Design of jewellery casket protected


The Swiss Supreme Court has allowed the registration of the design of a jewellery casket (Case 4C.344/2006, January 8 2007). In doing so, the court delivered an analysis on two key issues of design protection in Switzerland: distinctiveness and technical necessity.

Leser GmbH, a German company, is the owner of international design registrations for a jewellery case with a convex lid and a concave bottom. In 2004 it sued a competitor which displayed similar caskets at a major Swiss exhibition of watches and jewellery. At first instance the court ruled in Leser's favour. The defendant appealed to the Swiss Supreme Court, arguing in particular that Leser's design is (i) not distinctive in the sense of Article 2(1) of the Swiss Design Act, and (ii) is dictated by technical necessity as set forth in Article 4(c) of the act.

The Supreme Court upheld the lower court's ruling. Under Article 2(1) of the Design Act, a design is not distinctive if it only immaterially differs from existing designs known to the relevant public. The court held that the term 'relevant public' does not refer to design experts, but rather to the average buyer interested in purchasing a product with the relevant design. Such purchasers will, in the court's view, not notice differences in individual design elements. Instead, it is crucial that the new design's overall impression differs from existing designs' overall impressions. Here, the court held that Leser's design would be perceived as distinctive by the relevant public.

The court then rejected the defendant's argument that the casket's design features are dictated by technical necessity, in particular that the convex lid/concave bottom shape is required to stack the caskets efficiently and safely. The court held, in line with pertinent doctrine and its own case law relating to Article 2(c) of the Swiss Trademark Act, that the doctrine of technical necessity only applies:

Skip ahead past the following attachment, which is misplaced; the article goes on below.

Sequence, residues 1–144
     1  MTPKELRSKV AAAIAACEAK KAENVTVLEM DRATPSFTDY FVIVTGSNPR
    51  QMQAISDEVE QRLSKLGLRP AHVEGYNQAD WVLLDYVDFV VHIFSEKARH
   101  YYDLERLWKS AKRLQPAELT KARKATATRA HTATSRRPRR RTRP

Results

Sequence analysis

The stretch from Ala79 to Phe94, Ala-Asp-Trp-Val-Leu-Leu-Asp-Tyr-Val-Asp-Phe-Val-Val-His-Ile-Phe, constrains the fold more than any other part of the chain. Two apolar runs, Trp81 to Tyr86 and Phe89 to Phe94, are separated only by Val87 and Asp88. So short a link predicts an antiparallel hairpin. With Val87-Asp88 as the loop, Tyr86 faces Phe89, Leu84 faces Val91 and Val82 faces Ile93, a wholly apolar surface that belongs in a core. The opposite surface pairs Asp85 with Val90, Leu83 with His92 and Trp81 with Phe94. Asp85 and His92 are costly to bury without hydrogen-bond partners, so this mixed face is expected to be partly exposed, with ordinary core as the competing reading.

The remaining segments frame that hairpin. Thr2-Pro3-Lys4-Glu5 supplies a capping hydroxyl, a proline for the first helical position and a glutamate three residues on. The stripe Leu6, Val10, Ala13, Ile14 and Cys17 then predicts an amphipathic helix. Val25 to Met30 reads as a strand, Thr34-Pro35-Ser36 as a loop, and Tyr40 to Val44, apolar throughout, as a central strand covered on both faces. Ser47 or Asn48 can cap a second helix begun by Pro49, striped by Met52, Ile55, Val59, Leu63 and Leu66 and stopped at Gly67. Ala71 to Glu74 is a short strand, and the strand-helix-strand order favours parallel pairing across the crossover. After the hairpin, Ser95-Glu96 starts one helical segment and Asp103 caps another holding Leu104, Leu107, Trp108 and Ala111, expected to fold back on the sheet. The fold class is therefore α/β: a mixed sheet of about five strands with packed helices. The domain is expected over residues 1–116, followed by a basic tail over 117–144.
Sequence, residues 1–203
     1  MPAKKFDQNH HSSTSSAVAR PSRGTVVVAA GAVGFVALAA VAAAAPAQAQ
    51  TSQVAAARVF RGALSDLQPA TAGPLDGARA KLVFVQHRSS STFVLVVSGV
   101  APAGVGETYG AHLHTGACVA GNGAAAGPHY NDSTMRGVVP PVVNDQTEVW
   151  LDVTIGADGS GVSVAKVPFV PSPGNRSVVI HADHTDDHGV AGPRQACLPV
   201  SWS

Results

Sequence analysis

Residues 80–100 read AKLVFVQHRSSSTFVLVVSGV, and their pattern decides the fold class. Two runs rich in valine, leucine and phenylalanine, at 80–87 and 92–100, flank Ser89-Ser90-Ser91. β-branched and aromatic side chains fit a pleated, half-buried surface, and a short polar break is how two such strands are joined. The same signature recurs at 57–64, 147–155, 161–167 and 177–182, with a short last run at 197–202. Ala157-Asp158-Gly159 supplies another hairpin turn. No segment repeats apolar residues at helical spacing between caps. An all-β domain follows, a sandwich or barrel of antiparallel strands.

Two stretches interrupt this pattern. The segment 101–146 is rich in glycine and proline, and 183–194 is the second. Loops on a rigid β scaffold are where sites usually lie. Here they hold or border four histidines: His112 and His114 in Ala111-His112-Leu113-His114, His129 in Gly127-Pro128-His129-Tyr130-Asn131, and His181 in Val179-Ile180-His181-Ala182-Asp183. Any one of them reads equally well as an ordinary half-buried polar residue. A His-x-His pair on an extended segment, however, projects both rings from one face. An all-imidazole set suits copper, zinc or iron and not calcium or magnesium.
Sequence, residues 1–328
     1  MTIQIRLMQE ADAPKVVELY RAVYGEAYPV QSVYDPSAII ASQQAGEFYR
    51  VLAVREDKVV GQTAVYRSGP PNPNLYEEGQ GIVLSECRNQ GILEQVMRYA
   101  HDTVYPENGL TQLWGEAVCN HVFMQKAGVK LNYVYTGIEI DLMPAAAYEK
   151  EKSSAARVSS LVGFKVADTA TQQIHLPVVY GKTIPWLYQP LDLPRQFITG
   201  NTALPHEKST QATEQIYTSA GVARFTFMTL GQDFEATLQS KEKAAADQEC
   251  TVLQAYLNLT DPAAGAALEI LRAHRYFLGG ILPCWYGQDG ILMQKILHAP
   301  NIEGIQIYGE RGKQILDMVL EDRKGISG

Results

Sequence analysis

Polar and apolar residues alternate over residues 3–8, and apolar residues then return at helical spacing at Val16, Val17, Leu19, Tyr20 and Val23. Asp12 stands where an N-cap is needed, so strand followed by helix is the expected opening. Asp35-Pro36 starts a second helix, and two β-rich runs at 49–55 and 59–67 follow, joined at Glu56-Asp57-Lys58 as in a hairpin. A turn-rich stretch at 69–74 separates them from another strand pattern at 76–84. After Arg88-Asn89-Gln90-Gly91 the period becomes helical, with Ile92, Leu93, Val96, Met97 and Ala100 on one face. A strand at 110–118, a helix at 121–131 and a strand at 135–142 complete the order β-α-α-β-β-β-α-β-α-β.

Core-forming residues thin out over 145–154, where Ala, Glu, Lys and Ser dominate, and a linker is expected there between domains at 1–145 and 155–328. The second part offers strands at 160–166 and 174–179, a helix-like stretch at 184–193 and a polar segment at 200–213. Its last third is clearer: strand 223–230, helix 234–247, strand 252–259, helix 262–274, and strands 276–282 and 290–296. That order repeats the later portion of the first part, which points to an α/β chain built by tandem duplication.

• if there are no design alternatives;

  • if there are alternatives, but each design has its own advantages; or

  • if the available design alternatives require a more complicated or more expensive method of manufacturing.

The court argued that the primary purpose of a casket for jewellery is the storage of jewellery and, moreover, that a variety of designs allow the stacking of such caskets. The shape of Leser's casket's bottom and lid are thus not dictated by technical necessity.

Accordingly, the court dismissed the appeal.

For a discussion of some other Swiss Supreme Court decisions concerning designs and technical necessity (in the context of three-dimensional trademarks), see Supreme Court reverses Smarties shape mark decision, LEGO shape mark cancellation action blocked by Supreme Court and Lego Case remanded to determine nature of blocks' shape.

Matthias U Studer, Walder Wyss & Partners, Zurich

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